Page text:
A legal battle between the Scottish National Party and BBC over the final prime ministerial debate will continue today.
The Scottish Nationalists are furious at being excluded from the live TV clashes and yesterday mounted a last-ditch legal challenge ahead of tomorrow night’s live debate in Birmingham.
SNP leaders lodged papers at the Court of Session in Edinburgh contesting the BBC’s decision not to include them.
The papers state that the party is seeking an interim interdict against the BBC broadcasting the third leaders’ debate in Scotland if it does not feature the SNP. Leaders’ debates have already been held on ITV and Sky.
The legal challenge to the public service broadcaster comes just days after the BBC Trust rejected an appeal by the Scottish Nationalists and Plaid Cymru in Wales, challenging their exclusion from the debate.
The SNP raised £50,000 to fund the court action, and papers lodged by the party state that media coverage of the debates has been “without parallel in the history of UK General Elections”.
They argued: “The impact of the previous two debates on the media coverage of the General Election campaign as a whole has been demonstrably the single largest factor in the current UK General Election campaign in terms of the impact on the media profile, approval ratings of party leaders and overall voting intention as represented in opinion polling.
“The exclusion of the petitioners from those debates in so far as viewers of the debate in Scotland are concerned, cannot satisfy the requirement of ‘due impartiality’.”
They go on to note that the inclusion of Liberal Democrat leader Nick Clegg in the previous two debates has “greatly improved” his party’s fortunes in the polls.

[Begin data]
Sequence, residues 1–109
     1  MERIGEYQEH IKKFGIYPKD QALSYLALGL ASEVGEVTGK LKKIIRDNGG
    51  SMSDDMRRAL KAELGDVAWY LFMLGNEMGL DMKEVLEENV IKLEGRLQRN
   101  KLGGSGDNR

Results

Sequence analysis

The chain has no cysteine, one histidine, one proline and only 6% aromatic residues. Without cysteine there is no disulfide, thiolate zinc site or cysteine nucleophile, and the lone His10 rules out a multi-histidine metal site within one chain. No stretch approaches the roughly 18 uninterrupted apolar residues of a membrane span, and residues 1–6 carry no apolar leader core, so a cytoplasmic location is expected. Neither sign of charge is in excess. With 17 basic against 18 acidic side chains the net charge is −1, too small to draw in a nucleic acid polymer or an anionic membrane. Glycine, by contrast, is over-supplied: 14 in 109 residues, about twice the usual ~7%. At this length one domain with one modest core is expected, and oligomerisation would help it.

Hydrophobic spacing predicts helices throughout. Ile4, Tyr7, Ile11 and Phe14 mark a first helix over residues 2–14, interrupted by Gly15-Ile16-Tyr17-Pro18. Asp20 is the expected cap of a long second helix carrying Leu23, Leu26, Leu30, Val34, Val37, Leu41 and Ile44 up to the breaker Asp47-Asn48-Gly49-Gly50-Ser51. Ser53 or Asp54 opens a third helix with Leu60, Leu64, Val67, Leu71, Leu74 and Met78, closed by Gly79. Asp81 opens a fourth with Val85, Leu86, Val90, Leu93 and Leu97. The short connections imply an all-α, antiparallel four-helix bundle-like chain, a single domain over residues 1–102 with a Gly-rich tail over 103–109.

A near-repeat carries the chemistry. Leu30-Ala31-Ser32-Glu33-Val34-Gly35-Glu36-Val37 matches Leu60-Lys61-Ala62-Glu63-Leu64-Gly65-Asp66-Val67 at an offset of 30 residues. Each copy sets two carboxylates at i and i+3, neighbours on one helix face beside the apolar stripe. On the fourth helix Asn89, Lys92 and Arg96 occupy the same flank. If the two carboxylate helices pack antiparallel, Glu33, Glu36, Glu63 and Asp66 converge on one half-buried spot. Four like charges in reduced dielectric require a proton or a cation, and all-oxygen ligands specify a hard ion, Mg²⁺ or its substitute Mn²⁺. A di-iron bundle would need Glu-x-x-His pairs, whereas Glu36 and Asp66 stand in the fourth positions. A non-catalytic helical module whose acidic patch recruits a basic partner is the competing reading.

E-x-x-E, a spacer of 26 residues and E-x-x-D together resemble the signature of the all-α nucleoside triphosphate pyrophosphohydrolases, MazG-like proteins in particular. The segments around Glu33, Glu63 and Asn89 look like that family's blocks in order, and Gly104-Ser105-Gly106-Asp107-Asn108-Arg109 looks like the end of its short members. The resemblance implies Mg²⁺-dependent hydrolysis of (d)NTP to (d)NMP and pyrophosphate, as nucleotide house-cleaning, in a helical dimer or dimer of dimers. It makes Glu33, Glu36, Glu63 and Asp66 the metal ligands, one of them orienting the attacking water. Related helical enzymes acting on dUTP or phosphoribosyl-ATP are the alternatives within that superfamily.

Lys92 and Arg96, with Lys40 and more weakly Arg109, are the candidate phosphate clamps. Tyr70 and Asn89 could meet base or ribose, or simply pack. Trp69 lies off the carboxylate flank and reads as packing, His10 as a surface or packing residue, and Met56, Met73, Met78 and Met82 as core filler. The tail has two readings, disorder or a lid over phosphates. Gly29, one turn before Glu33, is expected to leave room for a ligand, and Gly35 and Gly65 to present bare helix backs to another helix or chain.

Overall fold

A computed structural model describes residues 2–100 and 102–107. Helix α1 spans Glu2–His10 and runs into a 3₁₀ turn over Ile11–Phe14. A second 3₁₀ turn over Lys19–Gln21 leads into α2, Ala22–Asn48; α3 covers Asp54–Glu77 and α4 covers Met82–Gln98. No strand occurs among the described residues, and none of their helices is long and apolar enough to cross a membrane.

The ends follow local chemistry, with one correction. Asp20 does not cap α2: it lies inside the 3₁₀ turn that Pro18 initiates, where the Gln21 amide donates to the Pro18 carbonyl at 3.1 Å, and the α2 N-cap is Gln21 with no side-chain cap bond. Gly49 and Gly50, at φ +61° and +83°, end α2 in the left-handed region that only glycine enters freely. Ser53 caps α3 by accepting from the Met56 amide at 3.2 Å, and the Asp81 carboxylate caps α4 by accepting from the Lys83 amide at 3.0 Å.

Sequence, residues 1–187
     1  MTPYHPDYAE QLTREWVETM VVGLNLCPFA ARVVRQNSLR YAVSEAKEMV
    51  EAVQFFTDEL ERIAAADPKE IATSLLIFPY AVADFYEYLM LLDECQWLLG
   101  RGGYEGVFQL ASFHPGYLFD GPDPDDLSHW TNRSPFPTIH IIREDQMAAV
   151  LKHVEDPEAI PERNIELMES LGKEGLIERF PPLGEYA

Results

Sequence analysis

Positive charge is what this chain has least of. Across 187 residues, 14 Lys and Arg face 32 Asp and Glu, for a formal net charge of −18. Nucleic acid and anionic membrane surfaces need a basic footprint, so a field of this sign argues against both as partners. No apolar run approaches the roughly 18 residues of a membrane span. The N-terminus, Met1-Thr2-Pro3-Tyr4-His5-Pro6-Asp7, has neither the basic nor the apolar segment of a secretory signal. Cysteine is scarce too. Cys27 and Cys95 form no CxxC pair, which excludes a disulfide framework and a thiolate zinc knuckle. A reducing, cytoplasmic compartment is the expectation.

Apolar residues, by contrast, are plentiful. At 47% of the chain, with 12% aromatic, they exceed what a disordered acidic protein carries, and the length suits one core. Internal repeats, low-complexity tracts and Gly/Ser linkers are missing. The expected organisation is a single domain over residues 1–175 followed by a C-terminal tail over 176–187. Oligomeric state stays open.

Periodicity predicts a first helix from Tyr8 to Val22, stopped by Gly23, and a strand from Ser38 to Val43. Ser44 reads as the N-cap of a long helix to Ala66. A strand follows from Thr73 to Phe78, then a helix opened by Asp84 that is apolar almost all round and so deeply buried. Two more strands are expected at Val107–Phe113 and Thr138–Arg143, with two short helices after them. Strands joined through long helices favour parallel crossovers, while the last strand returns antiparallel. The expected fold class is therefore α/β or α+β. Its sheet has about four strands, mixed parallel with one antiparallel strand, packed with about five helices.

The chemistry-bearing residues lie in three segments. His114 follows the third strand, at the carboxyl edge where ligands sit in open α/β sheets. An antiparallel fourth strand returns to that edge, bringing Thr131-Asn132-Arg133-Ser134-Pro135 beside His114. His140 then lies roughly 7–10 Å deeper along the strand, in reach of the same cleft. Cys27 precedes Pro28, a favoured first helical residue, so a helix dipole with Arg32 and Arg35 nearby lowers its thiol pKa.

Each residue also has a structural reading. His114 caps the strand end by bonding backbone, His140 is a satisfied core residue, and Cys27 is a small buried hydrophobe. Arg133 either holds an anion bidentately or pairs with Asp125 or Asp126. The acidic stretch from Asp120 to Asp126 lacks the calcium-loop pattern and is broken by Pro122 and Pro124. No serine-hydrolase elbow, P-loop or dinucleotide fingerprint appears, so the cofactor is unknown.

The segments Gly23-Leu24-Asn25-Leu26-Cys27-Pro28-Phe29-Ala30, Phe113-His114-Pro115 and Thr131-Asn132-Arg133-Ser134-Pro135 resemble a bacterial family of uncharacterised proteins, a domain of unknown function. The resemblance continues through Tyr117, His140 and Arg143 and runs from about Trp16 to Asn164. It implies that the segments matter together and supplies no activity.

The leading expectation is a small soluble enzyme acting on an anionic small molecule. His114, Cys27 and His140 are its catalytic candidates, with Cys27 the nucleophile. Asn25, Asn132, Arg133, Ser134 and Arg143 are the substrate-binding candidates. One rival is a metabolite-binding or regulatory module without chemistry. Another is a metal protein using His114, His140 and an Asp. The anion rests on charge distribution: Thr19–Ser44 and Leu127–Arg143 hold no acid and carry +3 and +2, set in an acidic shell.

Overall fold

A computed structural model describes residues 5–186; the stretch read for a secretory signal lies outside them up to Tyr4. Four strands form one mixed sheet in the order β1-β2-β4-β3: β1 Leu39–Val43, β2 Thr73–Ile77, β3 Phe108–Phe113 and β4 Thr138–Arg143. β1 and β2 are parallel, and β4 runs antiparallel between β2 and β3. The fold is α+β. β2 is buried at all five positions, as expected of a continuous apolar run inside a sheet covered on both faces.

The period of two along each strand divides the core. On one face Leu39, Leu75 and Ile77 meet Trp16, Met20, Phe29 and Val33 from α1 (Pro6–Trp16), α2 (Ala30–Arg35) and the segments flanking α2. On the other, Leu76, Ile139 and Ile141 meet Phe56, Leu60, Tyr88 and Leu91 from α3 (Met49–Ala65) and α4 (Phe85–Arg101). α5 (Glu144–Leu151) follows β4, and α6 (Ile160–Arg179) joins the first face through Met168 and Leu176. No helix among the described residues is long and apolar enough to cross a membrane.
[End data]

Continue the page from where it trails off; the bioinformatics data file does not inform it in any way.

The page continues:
However the BBC argued yesterday that the SNP’s demands were “impractical” and “ultimately pointless”.
Lawyer Gerry Moynihan, QC, said it was “completely contrary” to the public interest.
He argued that the SNP had failed to take into account that, as well as being shown on BBC1, the debate will also be broadcast on the radio, the internet and Sky.
The QC told the court the Nationalists had a “considerable problem” in relation to the timing of the action, claiming they had “stood idly by” when the two earlier debates were held.
The UK Independence Party has also threatened legal action if the BBC does not allow it to take part in the programme.
Party leader Lord Pearson of Rannoch has written to BBC Director-General Mark Thompson, arguing that the corporation is breaching its election coverage guidelines by refusing to allow Ukip equal footing with Labour, Tories and the Liberal Democrats.
And he said that, if the BBC did not change its mind, Ukip would apply to the courts for a judicial review of the decision and for an injunction in order to allow it to take part in the show.